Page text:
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June 2008
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How to Grow Cantaloupe in the Home Garden

A funny story about using pantyhouse that I saw in an email that I received; this is not an original story, and I do not know the source, but it seems plausible:

How to Grow Cantaloupe in the Home Garden – Don’t Throw Out Those Old Pantyhose!
By A Paxhia

For many home gardeners, growing cantaloupe is not considered a viable option. Due to limited space in the average urban garden, most consider this delicious fruit impossible to grow without sacrificing precious garden space. With a few simple modifications, almost any home garden can produce this luscious fruit.

After tasting the difference between a melon that a friend had grown in her large country garden and the store bought variety, I decided to try to grow some in my own garden. Having limited space, I knew I couldn’t grow them in the traditional way. There simply would not be enough room for anything else if they were allowed to sprawl at will.

Ignoring the planting instructions on the seed packet, I began. Instead of planting in hills as suggested on the packet, I planted a single row along a section of the wire fence that borders my garden. Spacing the seeds about five or six inches apart, I planted an eight-foot long row. As the seeds germinated and the plants began to grow, I tied them to the fence and trained them to climb up their trellis. This solved the problem of having adequate growing space but that was only the beginning of the modifications that would be necessary to produce a harvest of melons.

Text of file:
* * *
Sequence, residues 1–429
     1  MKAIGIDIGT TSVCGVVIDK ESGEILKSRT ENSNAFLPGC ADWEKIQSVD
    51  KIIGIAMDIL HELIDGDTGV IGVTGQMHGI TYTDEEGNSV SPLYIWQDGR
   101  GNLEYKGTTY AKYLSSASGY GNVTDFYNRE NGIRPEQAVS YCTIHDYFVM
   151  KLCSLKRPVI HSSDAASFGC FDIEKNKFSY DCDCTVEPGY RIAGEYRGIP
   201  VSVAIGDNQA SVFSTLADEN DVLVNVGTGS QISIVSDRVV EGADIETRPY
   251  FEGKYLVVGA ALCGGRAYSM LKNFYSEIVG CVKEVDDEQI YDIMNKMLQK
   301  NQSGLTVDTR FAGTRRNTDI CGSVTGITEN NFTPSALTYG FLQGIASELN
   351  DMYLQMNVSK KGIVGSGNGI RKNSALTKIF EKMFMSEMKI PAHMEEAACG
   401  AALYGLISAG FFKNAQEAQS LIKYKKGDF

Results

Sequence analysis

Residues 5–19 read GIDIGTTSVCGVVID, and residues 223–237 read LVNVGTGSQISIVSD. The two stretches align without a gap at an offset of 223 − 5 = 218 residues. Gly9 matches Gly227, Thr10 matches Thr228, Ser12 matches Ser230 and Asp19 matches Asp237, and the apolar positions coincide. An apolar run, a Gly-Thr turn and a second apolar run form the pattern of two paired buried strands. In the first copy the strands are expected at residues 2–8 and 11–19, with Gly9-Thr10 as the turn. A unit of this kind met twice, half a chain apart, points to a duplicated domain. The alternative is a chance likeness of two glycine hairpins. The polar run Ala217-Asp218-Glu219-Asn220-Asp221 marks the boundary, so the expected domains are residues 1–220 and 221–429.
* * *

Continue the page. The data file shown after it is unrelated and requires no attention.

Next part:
As the summer progressed and the plants continued to grow, meticulous guidance to get the vines where I wanted them and to keep them from flopping down to the ground was needed. I also found that the plants grown this way required more water than when they are allowed to sprawl on the ground. Unlike their field grown counterparts, cantaloupe grown upright do not shade the ground and reduce evaporation like those whose vines are allowed to cover the earth under them. A generous amount of organic mulch around the base of the plants helped a little but more water was still a necessity.

When the plants started to set fruit, it was evident that some support would need to be provided to keep the weight of the maturing fruit from snapping off the vines. Preferring a material that would expand as the fruit grew larger, I decided to use nylon stockings! As each cantaloupe was about the size of a golf ball, I cut a generous length of nylon pantyhose and made a hammock to support each fruit. After securing each little hammock to the fence, daily checking and periodic adjustment of the support was necessary. As the fruits neared maturity, additional support was needed so, using strips of old bed sheets, I fashioned an additional sling to support each melon until it was ripe. Supporting the fruit in this way, we have enjoyed up to about twenty melons every year from our modest home garden.

Though this method was very successful in producing melons from the Hale’s Best variety, several melons were lost when I tried growing larger fruited varieties. This method should work well for any variety producing fruit in the four to six pound range.

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